We spend a lot of time asking how to get started. How to begin action. To make something happen. Build a business. Get a new job. Change our lives.
We don’t really ask how do we keep going?
There is this idea that if you want it bad enough – you’ll keep going.
There is this thought that with enough determination and grit – you’ll keep going.
We believe that if you are really ambitious, then you’ll make it happen and be successful.
To be successful you must have discipline and without it you’ll always be right wherever you are.
So, when we fail to keep going we run backwards and look at our goals, our ambitions, our grit and try to solve for one of those things, the next time we go and take a stab at something. Once we’ve overcome our concern over the last failure, the energy to do something builds within us, and then off to the race, we make another huge push.
And still, at some point our momentum wanes, we run into a road block and we come to a crashing and abrupt stop. Then we hit ourselves over the head with the gnarly hammer of discipline and failure, whacking over and over again. Before our skulls are completely bashed in, we add in a bit of self-flagellation by lashing our backs as a gentle reminder of our inadequacies. And all of these lessons stick with us.
Enduring our own self prescribed pain we ask why we are not strong enough, disciplined enough, why we don’t have enough willpower to over come and to keep going.
It turns out, we’ve been missing the point. All of those words are nice. Ambition. Determination. Grit. Discipline. Willpower.
And, if you either naturally or through experience have developed them over other strengths then you are in a pretty good place for starting and continuing. On their own, they are not a automatic recipe for success. But you do have a pretty good head start on those that don’t.
What we are learning is that we’ve been missing the point all along. We’ve been conditioned to do exactly as we are doing. There is a very natural response that has developed and we find ourselves on one side of the equation.
We operate out of habits. As much as 40-45% of our day is spent automatically doing things. One thing leads to another, that leads to another. This mechanism is there to protect us. They are formed through a series of responses to either real or perceived pain or pleasure. Alive is the goal. Safe is the name of the game.
Doing something new can be painful. It is unknown. The outcome is not clear. You can’t be certain that you will have the desired outcome. We are operating out of fear. And the chasm between our desired reality or outcome, and where we are at begins to seem insurmountable.
The safe land is what you’ve always done. This isn’t a conscious choice but a natural response to protect you.
There are lots of tips and tricks to get you started. But if you are relying on sheer force of will and the energy and drive to keep moving forward – then you have a monstrous mountain in front of you. Made all the worse by stories of others who have pushed through and made it happen. Those 1% of people that make things happen through seemingly superhuman feats or ones that we feel have just been dealt a good hand. Combined with the stories of all who fail and our own painful beats we and life give us when we fail at something new, it can seem that we are destined to fail.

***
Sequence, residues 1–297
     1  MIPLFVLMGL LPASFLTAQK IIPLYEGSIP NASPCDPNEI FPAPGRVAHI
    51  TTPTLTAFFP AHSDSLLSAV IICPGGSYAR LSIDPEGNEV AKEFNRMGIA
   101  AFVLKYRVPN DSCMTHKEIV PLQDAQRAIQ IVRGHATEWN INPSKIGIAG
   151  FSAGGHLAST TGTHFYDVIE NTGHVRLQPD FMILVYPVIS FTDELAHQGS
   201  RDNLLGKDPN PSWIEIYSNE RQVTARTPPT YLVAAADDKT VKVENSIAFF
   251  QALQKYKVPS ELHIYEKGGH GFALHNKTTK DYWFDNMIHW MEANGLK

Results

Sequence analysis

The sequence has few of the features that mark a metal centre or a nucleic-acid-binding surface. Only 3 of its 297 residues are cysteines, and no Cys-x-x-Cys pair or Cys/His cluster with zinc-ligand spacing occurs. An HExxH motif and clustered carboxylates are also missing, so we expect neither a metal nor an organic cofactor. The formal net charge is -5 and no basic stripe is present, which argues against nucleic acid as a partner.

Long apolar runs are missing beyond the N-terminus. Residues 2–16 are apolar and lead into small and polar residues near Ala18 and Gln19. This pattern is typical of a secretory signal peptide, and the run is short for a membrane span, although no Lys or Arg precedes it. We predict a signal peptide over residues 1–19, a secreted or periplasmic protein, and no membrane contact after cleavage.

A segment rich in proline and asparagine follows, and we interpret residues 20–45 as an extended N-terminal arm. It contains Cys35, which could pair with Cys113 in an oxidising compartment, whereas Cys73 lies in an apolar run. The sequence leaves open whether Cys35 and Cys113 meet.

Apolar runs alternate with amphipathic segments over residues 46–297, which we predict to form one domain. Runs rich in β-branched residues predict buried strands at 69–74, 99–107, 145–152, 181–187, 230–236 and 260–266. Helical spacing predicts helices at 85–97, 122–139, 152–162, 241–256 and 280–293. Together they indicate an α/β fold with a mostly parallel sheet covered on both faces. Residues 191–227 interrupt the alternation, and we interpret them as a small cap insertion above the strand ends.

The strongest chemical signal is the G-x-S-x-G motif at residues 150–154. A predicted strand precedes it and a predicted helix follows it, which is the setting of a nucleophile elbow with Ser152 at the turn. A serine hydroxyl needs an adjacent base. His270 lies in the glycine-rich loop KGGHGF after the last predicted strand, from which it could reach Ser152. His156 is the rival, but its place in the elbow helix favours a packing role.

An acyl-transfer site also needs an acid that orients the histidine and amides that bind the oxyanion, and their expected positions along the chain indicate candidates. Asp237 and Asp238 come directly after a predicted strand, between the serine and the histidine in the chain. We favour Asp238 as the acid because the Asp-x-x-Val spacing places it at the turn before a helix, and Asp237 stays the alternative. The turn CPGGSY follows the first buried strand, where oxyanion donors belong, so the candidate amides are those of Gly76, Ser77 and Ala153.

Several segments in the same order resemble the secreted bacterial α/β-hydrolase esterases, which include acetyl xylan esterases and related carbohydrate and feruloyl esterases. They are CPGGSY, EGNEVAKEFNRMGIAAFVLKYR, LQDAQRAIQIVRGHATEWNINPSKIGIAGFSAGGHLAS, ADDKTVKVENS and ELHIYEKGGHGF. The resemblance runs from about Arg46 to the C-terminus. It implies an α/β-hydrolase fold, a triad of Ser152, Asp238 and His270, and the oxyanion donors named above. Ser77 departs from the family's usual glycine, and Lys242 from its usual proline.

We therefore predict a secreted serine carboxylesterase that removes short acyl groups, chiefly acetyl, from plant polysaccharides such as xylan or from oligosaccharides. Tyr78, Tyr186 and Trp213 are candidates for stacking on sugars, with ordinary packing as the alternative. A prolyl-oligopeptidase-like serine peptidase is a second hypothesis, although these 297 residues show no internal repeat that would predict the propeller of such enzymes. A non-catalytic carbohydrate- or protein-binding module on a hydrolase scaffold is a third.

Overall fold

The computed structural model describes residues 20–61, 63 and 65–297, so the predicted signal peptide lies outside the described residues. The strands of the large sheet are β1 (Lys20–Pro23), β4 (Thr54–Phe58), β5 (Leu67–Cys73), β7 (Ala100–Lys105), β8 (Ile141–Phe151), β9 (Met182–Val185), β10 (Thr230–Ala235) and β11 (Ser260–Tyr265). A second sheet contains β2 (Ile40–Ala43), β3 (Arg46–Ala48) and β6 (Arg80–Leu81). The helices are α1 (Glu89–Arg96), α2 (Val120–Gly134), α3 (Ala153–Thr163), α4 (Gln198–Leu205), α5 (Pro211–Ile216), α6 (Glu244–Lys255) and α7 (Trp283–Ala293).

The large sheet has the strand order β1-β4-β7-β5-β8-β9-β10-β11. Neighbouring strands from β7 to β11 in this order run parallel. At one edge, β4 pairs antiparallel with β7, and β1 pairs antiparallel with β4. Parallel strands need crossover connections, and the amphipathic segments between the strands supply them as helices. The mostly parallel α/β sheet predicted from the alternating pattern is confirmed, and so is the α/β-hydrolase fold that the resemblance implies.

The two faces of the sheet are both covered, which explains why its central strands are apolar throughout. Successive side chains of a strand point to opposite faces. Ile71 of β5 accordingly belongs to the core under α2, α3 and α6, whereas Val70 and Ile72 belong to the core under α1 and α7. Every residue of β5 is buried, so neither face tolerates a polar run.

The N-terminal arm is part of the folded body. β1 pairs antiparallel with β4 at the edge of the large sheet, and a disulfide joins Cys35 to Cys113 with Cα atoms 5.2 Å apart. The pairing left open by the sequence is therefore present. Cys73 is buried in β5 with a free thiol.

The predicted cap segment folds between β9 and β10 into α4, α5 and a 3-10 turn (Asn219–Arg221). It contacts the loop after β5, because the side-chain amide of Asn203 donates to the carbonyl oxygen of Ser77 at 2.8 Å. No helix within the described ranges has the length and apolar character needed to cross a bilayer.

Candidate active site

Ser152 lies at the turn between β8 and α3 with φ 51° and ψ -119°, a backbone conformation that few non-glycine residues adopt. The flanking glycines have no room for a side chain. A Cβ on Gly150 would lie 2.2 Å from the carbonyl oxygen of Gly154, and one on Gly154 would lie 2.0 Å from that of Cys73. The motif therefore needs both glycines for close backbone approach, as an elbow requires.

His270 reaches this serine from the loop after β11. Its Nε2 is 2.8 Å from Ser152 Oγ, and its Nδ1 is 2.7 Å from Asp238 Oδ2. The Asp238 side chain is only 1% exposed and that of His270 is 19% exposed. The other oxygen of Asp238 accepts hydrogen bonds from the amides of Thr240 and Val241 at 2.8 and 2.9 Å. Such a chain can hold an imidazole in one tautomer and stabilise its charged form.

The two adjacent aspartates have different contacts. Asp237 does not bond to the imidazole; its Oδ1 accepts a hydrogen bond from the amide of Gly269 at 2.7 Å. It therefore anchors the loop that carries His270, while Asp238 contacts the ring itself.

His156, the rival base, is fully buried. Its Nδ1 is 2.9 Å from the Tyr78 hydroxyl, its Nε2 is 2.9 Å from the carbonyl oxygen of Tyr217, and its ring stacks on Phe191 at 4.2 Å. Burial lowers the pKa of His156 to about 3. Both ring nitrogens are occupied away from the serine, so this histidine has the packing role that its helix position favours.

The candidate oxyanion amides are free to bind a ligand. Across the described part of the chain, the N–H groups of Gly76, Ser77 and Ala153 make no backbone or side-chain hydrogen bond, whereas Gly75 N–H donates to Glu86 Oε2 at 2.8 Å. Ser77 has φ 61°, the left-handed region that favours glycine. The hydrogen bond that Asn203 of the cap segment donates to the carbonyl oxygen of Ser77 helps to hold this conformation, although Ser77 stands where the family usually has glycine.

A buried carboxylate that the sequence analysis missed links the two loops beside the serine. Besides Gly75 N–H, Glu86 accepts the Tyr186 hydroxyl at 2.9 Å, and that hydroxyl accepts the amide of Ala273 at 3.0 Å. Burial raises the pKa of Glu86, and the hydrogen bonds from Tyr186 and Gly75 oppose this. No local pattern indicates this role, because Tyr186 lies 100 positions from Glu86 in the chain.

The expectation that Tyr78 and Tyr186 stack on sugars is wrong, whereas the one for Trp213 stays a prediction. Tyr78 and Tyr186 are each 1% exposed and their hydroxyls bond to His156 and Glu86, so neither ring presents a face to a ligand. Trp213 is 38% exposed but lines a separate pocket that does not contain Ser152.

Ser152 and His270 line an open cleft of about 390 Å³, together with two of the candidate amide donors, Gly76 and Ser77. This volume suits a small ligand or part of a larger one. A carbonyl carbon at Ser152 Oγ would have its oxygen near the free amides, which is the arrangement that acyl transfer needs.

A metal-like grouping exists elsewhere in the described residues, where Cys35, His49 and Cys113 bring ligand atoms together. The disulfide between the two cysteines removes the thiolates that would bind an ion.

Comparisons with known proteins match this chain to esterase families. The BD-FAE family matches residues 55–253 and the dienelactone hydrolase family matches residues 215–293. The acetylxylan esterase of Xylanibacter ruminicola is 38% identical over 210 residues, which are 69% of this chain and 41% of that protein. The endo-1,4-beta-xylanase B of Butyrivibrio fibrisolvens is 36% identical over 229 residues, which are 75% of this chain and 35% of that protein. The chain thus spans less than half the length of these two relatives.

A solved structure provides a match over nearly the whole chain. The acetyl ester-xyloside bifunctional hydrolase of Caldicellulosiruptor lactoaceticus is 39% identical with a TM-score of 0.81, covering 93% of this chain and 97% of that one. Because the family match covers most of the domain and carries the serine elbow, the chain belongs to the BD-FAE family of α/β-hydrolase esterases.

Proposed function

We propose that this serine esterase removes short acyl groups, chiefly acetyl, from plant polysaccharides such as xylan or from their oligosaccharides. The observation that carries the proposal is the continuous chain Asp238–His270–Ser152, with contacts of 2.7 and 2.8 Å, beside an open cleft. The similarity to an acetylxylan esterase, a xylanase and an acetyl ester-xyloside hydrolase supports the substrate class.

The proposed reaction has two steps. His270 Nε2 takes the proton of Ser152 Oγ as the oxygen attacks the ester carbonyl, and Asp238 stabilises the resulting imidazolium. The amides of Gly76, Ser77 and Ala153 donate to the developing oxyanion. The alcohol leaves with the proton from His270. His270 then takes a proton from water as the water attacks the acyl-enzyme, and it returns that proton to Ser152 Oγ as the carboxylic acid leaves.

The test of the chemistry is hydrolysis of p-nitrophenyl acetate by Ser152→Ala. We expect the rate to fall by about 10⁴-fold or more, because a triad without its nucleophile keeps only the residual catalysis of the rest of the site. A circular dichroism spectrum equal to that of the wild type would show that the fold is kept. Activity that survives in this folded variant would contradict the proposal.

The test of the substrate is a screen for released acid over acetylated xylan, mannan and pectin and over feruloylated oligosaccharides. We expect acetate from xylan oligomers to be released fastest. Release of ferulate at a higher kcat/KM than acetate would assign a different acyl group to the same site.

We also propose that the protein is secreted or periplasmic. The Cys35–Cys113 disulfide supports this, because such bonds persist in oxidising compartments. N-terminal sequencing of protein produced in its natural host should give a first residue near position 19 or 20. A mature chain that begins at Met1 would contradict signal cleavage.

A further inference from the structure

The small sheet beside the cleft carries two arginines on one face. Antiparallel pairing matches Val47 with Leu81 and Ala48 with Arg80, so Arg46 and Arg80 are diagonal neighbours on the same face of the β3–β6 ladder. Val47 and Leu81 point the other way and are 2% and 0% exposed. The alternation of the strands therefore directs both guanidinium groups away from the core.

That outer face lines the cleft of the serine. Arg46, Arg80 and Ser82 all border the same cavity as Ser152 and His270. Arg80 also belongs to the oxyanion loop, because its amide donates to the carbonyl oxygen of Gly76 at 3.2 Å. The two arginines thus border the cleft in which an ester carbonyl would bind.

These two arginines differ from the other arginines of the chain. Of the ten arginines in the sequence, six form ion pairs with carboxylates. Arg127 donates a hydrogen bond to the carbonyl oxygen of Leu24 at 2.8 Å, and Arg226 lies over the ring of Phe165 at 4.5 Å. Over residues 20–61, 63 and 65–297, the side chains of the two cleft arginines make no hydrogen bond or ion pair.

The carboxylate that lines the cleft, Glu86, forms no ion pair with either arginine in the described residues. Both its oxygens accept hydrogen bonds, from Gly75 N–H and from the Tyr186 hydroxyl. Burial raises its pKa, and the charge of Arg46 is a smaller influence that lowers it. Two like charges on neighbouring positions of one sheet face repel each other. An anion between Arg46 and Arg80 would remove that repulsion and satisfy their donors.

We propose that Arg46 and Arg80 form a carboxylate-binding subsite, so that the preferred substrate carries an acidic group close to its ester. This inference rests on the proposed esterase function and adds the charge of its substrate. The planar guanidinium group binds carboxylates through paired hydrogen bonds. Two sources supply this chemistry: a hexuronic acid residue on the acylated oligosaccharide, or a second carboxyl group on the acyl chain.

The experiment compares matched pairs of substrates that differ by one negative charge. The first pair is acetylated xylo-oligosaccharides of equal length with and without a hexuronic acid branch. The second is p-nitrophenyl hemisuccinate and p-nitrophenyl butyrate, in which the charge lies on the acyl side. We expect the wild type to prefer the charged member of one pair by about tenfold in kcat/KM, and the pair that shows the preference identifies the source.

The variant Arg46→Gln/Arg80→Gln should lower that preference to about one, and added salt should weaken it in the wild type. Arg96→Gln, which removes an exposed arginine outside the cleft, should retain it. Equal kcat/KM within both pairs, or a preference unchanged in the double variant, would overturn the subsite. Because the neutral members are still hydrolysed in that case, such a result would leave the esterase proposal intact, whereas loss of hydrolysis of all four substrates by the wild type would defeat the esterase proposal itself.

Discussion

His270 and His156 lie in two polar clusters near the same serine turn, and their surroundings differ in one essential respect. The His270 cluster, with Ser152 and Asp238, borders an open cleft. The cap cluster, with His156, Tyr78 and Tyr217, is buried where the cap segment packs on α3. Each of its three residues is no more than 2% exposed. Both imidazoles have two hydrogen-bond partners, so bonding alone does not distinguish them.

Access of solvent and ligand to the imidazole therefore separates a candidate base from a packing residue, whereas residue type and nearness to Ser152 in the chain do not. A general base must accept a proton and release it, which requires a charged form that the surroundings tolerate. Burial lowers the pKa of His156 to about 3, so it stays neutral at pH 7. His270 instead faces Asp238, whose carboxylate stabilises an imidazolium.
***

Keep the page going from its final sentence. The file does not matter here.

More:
We need to hack the system we have so that with the least amount of energy, with the least amount of willpower, we are able to keep our forward momentum.
In order to do that first we have to get good at hacking our habits.
One of the major issues with habits and why we fail with these very difficult changes we are trying to make in our lives, is that we are trying to eat the whole buffet in one bite. Breaking things down into their component pieces, into manageable bites is the best way to go. It seems so logical, and yet we do not do this.
Breaking things down into manageable snacks not only makes it easier to digest, it also allows us to build up positive rewards along the way. This way, we are not working for some large goal that we have to delay all gratification for until some seemingly super distant future.
The good news is that willpower can be increased. Grit can be increased. It turns out that our ability to practice these things through adjusting our habits make the biggest difference.
It turns out those who have the best self control and willpower, don’t actually use it. They structure their lives in ways that circumvent the need to put their self control to the test.
You don’t have to love the activity. Maybe you don’t like exercising. One step would be to make it not be about the activity. Make it be about the result. You want to be able to get up with out feeling winded. Now, work on loving the process. How do you change and adjust your habit so that you get up and get moving? What is your reward for getting up and getting moving? And no, it probably shouldn’t reward your one mile walk with a Boston Cream doughnut.
Love the process. Love the result. Give yourself little rewards. Enjoy the little successes. Those little successes will mount up and magnify as you progress. Fall in love with that progress.
Need a bit more on habits, check out this video The Power of Habit : Charles Duhigg @ TedxTeachersCollege
For a great read on grit and perseverance check out Angela Duckworth book, Grit : The Power of Passion and Perseverance
And now for some shameless self promotion, check out my LinkedIn article Relentless Action – Never Give Up, Never Surrender
And while you are reading, here is something I’m listening to Fearless Motivation – Never Give Up. This is from composer Walter Bergmann and you can follow him on his YouTube channel.